Contrast her behaviour with that of White Dee (Deirdre Kelly), one of the residents of James Turner Street in Birmingham and a star of Channel 4's Benefits Street. She had never appeared on live television before and a few weeks ago was a single mother of two living in complete obscurity. Dee was politely spoken, articulate and did an excellent job of speaking up for those in our country less fortunate than the majority who have good health and jobs. She came across as intelligent, self deprecating and multi-layered explaining that some of what she was being criticised for on Benefits Street was being taken out of context and that sometimes she was being sarcastic. This point actually seemed to throw Hopkins who defensively claimed she "has a sense of humour".

But more than that, having watched the first episode of Benefits Street Dee comes across as an incredibly warm person. She helps out her friends and neighbours, filling out forms for the ones who are unable to read or write, making phone calls on their behalf and generally being there for them. She even acts almost like a counsellor or sponsor for one of her friends who is struggling with substance addiction, persuading him to let her be in charge of his money and only giving it back to him in small amounts to try and interrupt his cycle of buying alcohol and drugs and upbraiding him when she sees him with alcohol. In short she is exactly the sort of person that is rightly looked up to in communities.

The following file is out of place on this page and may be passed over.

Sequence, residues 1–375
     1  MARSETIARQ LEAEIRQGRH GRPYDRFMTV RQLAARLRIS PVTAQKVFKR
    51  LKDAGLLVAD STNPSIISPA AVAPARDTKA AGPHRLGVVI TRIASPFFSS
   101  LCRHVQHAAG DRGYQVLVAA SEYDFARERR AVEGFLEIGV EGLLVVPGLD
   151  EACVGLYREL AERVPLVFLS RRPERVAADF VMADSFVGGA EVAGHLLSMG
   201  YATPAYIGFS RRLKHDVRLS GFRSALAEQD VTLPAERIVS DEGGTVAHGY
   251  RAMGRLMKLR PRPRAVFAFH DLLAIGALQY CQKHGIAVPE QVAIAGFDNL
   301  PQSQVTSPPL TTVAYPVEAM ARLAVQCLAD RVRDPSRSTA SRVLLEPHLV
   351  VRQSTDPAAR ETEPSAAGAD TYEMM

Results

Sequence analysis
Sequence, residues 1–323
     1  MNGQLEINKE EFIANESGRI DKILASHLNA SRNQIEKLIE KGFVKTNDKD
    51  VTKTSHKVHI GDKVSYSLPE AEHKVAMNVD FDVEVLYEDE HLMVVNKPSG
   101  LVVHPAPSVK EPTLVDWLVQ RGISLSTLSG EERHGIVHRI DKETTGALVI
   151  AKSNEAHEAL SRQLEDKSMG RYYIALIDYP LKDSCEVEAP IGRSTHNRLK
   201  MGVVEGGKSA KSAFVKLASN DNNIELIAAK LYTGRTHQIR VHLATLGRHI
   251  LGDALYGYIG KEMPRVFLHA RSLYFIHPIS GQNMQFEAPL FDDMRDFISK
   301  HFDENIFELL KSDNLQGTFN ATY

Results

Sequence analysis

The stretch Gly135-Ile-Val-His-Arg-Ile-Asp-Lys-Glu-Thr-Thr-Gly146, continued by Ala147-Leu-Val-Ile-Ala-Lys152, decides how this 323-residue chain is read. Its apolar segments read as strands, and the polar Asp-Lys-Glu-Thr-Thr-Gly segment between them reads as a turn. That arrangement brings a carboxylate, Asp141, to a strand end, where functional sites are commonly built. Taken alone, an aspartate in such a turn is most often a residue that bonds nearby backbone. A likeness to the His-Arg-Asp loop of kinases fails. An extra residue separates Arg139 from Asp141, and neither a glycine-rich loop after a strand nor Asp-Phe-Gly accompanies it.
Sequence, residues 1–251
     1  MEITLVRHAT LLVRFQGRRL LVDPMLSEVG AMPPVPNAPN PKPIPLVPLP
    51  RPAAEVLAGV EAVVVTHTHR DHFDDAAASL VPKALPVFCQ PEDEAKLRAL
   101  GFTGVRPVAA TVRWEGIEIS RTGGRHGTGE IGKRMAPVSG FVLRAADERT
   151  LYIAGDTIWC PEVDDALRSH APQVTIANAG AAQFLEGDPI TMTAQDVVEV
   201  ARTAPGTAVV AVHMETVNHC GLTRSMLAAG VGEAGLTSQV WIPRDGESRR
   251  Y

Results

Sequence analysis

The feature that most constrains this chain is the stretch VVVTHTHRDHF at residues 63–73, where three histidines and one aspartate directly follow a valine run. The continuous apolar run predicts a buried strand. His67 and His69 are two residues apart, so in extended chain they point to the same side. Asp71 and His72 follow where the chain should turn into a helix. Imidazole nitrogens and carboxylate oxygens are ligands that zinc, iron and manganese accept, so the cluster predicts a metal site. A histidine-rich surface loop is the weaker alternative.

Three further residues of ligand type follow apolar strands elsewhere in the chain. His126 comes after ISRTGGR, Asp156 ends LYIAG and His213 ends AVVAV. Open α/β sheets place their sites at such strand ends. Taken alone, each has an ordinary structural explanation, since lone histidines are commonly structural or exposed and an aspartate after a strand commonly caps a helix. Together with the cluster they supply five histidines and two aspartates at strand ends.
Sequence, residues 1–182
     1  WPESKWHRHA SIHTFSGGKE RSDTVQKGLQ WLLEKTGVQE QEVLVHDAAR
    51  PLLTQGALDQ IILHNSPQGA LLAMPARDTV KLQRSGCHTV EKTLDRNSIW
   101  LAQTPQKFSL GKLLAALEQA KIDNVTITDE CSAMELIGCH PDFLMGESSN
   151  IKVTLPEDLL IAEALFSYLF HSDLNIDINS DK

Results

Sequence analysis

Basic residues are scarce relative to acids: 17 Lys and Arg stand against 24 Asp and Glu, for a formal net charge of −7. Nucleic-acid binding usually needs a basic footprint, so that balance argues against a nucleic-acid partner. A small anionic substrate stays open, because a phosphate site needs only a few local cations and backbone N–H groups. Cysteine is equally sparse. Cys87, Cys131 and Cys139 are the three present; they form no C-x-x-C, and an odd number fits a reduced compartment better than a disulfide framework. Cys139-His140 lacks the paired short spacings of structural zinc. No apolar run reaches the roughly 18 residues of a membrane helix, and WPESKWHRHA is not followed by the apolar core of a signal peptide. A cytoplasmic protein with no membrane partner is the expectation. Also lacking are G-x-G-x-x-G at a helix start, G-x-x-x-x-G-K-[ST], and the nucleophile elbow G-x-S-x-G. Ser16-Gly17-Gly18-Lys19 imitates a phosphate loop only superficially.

Yes she is on benefits and yes she does not have a job. But that does not make her evil.

And if I had to make a choice between having one of these two people as my friend, the TV "personality" who spends her entire time in the verbal gutter insulting and trolling or the softly spoken and evidently very caring White Dee I know which one I would choose in a heartbeat.

Sunday 2 February 2014

5 things I learned as an activist for a political party

I left the Lib Dems last year after having been a member and activist for just over 5 years. I learned a lot during that time and I think much of it would apply to other parties too.

Such as

1) It costs money